New Zealand Law Society - Telcos warned over behaviour

Telcos warned over behaviour

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The Commerce Commission has sent warning letters to four telecommunication companies about specific conduct that the Commission considers breached the Fair Trading Act.

The letters have been sent to MyRepublic, Two Degrees, Spark and Vodafone.

The move follows the Commission’s announcement that retail telecommunications will be an organisation-wide priority for it in the 2017/18 year. 

“The complexity and range of goods and services offered by the industry means consumers can be easily confused about product offerings. Almost every New Zealander uses a mobile or fixed-line phone and broadband, so the telecommunications sector has the potential to have a significant impact on consumers,” says Commissioner Anna Rawlings.

“As we noted when announcing our 2017/18 priorities, the telco sector continues to generate a high volume of consumer complaints, despite previous compliance and enforcement work by the Commission.”

The Commission is continuing to investigate further potential issues in the sector, including incorrect billing, failures to identify the subscription nature of mobile add-ons, incorrect calculation of broadband usage, unfair contract terms and representations concerning the nature and availability of internet services. 

The companies which have been warned are likely to have breached the Fair Trading Act by engaging in the following conduct:


  • Promoting its 1 Gigabit per second service up to two months before it was actually available,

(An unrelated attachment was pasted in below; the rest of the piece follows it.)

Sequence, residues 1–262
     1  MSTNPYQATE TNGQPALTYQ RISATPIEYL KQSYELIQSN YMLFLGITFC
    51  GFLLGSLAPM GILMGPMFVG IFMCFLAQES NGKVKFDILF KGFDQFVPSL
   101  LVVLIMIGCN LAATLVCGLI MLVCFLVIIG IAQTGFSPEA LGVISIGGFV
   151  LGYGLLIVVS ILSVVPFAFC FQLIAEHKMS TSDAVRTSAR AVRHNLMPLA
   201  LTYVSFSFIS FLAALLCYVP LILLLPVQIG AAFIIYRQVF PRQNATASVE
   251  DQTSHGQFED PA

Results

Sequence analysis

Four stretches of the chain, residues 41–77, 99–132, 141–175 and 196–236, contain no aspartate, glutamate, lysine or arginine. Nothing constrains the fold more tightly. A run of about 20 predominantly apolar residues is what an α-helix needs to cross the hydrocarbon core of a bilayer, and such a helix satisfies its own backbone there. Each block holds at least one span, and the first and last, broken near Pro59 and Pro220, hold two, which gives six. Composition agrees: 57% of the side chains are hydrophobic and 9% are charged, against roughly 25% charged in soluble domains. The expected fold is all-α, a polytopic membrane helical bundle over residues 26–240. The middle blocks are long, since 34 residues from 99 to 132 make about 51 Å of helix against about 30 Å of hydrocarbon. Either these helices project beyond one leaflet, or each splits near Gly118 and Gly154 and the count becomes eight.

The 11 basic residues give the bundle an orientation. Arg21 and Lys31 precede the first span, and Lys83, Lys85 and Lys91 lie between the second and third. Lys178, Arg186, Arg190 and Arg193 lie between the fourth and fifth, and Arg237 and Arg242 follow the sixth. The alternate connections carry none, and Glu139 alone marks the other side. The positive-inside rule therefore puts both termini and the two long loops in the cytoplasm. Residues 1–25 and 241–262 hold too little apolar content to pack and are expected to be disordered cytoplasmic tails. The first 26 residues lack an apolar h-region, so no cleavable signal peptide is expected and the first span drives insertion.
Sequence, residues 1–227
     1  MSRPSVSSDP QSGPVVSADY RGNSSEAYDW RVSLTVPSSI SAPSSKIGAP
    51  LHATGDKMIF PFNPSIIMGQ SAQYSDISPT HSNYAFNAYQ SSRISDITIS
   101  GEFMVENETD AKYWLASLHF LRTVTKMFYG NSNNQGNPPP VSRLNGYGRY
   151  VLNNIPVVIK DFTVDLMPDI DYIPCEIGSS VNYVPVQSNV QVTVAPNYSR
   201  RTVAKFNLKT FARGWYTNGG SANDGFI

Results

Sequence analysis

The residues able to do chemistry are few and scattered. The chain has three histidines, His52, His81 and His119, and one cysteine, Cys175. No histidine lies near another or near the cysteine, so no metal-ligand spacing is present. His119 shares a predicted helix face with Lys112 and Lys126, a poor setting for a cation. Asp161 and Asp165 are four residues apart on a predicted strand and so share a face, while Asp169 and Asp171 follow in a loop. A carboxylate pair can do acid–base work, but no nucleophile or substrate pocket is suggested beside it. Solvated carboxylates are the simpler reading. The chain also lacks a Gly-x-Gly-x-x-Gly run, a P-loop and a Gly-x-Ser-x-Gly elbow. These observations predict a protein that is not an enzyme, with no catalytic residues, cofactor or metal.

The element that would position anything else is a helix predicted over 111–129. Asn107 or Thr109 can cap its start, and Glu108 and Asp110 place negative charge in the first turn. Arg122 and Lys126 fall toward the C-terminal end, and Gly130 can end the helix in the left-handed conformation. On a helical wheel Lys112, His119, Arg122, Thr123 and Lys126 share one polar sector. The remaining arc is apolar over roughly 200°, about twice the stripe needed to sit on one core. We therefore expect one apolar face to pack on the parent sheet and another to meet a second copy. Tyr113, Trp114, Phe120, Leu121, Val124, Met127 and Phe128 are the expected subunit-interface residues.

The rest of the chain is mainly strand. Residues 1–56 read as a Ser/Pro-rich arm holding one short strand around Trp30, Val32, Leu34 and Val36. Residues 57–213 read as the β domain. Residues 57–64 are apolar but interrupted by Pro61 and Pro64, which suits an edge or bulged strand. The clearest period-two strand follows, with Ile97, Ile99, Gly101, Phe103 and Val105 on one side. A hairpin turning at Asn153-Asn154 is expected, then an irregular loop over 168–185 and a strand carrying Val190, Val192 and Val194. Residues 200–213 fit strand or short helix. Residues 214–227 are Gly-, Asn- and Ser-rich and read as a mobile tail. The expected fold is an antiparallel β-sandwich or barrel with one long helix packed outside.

• Representing that customers on its GAMER broadband service would not experience lag or latency when they could experience lag or latency caused by third party servers,
  • Incorrect representations that consumers’ rights of cancellation under the uninvited direct sales provisions of the Fair Trading Act ceased to apply once MyRepublic had started the service.

Two Degrees

  • Making misleading representations about the price of its unlimited broadband plan, by not identifying or inadequately disclosing the additional cost of a modem and its delivery.


  • Making representations that Vodafone’s 2G network was imminently closing, in the marketing of Spark’s Skinny Mobile service.


  • Making misleading representations in the promotion of 12 month broadband plans bundled with “free” goods or services when, in order to receive the “free” goods or services, the consumer was required to pay additional fees or to take additional services,
  • On some occasions, a monthly headline price was advertised, but that price did not include the additional fees to be paid in order to receive “free” goods or services.

The Commission has taken a number of prosecutions or actions against telecommunication companies in recent years, including:

  • Trustpower was fined $390,000 in September 2016 for misleading consumers over the price and terms of its bundled electricity and unlimited data broadband offer,
  • Also in September 2016, Vodafone was fined $165,000 for false price representations on invoices for its ‘Red Essentials’ mobile plan,
  • Vodafone reached a $268,000 settlement with the Commission in January 2014, over the promotion of its ‘Broadband Lite’ service,
  • Call Plus Services Limited (trading as Slingshot) was fined $250,000 in December 2013 over the telemarketing of its services,
  • In February 2016 the Commission issued its review of unfair terms in telecommunications contracts.